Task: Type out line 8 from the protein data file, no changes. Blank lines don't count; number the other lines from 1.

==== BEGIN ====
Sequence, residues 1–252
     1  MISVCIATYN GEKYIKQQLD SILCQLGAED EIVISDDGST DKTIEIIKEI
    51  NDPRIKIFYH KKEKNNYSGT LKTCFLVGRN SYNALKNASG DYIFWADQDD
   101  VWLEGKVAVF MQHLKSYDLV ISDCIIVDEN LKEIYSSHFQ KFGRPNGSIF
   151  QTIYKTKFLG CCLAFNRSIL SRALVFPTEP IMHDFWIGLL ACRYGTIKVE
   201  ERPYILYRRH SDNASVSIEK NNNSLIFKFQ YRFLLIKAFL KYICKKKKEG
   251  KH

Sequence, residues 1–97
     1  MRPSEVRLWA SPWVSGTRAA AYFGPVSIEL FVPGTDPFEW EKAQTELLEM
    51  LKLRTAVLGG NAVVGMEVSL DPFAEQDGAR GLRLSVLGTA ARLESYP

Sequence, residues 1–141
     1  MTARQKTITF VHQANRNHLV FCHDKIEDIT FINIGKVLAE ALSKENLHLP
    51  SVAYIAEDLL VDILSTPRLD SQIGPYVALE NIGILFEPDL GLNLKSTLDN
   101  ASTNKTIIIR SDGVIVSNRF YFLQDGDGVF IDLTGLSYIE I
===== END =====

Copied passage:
Sequence, residues 1–97